That was fast. MPR’s Tim Pugmire reports, “A Minnesota House committee held an initial hearing Wednesday on a bill that creates a new felony crime for a parent or guardian who knowingly allows a child to undergo female genital mutilation, an illegal procedure to which some cultures still cling. Rep. Mary Franson, R-Alexandria, introduced the bill after recent news reports about the genital mutilation of two 7-year-old Minnesota girls. The Detroit-area doctor who allegedly performed the illegal procedure was charged. But the parents who took the girls to Michigan were not.”
Lots of tickets. From the Star Tribune’s Tim Harlow: “Teens reading text messages sent by their parents, motorists shopping for cars and drivers making picks for their fantasy sports teams while behind the wheel. They are among behaviors law enforcement witnessed as they cited more than 1,000 motorists for texting and illegally using their phones while driving during a two-week distracted driving crackdown in April. … Police handed out more citations to drivers who were not wearing seat belts — 1,517 — than to drivers using their phones or distracted in other ways, such as the 52-year-old man in St. Paul holding a chicken in his lap. Charz Sang Xiong, of Rush City, Minn., failed to stop for three pedestrians in a crosswalk with his feathered friend with him behind the wheel.”
The old days of not even getting an invitation to the NIT are over for good. The story at The Daily Gopher says, “At this time last year there was serious internet discussion around whether Richard Pitino would even be the coach of the Minnesota Gophers in 2016-17 after a horrific year, which culminated in single-digit wins and left our heads spinning. Fast forward to today where the University announced it has extended Pitino’s contract by one year, placing him under contract through the 2021-22 season. The extension comes after Pitino oversaw the greatest single-season turnaround of any Division I men’s basketball program last season, improved the Gophers’ win total by 16, made a return to the NCAA Tournament and was named the Big Ten Coach of the Year.”
Yes, you might want to talk it over next time. Says Adam Belz in the Strib, “Minneapolis Mayor Betsy Hodges and Police Chief Janeé Harteau met Tuesday for the first time since Thursday of last week to discuss the selection of a new police inspector for the Fourth Precinct after Hodges rejected Harteau’s appointment of Lt. John Delmonico. The two city leaders met at 10 a.m. in the mayor’s office for about an hour, and, according to a spokesman for Hodges, discussed ‘a process that will ensure that the mayor is informed and consulted well ahead of any selection the chief makes.’” So no more “Your call”?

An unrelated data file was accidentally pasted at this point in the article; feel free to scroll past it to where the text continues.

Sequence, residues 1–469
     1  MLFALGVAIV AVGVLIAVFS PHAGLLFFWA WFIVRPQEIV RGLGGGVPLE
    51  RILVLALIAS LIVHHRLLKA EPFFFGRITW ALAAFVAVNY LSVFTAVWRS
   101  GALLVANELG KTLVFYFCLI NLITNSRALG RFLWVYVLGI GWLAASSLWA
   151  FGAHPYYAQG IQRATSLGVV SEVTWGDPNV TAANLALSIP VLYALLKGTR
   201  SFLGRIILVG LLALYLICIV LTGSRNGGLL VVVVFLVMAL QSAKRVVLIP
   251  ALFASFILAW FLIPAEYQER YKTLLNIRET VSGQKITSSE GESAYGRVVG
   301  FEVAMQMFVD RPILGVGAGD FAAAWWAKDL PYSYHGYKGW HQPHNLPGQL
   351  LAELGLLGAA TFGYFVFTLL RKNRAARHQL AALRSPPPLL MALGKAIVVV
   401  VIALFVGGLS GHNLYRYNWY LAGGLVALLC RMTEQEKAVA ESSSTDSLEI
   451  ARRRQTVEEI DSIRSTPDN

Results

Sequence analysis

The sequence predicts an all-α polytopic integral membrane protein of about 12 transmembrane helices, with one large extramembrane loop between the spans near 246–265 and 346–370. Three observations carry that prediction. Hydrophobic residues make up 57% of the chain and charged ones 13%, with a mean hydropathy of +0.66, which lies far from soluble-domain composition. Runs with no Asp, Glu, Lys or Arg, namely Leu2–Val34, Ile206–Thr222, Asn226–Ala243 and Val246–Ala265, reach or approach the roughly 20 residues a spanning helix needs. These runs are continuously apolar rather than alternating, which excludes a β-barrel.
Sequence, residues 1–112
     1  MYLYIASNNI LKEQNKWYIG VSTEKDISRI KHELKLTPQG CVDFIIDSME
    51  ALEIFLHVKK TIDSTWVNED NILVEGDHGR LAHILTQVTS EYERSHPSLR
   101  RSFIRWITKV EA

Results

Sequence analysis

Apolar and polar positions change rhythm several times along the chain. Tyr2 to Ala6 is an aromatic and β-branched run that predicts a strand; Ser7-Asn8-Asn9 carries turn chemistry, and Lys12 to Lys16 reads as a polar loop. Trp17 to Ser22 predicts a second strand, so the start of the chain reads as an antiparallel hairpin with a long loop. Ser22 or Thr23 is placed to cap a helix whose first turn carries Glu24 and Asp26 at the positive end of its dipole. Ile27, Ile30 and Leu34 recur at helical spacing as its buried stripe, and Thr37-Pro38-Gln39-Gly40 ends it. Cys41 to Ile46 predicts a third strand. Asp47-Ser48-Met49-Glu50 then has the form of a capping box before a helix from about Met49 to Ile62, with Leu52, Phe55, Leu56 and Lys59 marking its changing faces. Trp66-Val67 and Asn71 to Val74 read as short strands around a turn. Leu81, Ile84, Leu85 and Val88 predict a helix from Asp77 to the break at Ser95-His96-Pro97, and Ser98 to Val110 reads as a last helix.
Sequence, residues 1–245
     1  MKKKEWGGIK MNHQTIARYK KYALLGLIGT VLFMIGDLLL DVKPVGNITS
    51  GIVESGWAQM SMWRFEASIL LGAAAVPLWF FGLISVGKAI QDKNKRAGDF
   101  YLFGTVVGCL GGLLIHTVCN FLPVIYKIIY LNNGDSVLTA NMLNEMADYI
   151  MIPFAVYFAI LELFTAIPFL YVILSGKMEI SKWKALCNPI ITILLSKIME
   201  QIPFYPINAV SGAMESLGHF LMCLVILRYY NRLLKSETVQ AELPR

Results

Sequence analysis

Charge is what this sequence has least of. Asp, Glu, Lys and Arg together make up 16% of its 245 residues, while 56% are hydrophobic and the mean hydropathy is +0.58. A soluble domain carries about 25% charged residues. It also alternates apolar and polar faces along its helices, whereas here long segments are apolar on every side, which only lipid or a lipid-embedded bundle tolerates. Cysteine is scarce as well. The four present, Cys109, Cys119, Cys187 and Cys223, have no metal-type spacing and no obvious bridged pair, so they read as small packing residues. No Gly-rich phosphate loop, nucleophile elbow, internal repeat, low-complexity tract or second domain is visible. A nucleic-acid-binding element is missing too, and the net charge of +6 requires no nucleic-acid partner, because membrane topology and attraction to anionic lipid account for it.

Perhaps on that iceberg off the coast of Greenland? MPR’s Riham Feshir says, “Attorneys for police officer Jeronimo Yanez filed a petition Wednesday asking the Minnesota Supreme Court to issue a ruling on a change of venue request that was denied by two lower courts. Yanez is set to go on trial on May 30 for fatally shooting Philando Castile at a traffic stop last July in Falcon Heights. … Yanez’s attorneys have been asking for a change of venue for the past two months, arguing it’s not possible for the officer to get a fair trial in Ramsey County. Both the district court and court of appeals have denied requests to move the trial.”
Only six more approvals to go. The Star Tribune’s Faiza Mahamud says: “The Minneapolis Park Board on Wednesday voted unanimously to change the name of the city’s landmark lake to Bde Maka Ska, its original Dakota name, in a nod to American Indians who lived near the lake and a repudiation of lake namesake John C. Calhoun, a vice president who was an ardent supporter of slavery.… The push for Bde Maka Ska (“White Earth Lake”) — which won’t be official until it wins approval at the county, state and federal level — is a switch for the Park Board and comes after years of debate.”
Torii says he got the Adam Jones treatment. In the PiPress, Chad Graff writes, “Torii Hunter had coins and batteries thrown at him when he was the Twins’ centerfielder in the early 2000s, and was occasionally targeted with racist epithets in visiting ballparks, he said Wednesday. Hunter, now a Twins special assistant, said Wednesday he wasn’t surprised by this week’s comments from African-American baseball players Adam Jones and C.C. Sabathia, who said they have been called the N-word by some fans at Boston’s Fenway Park.”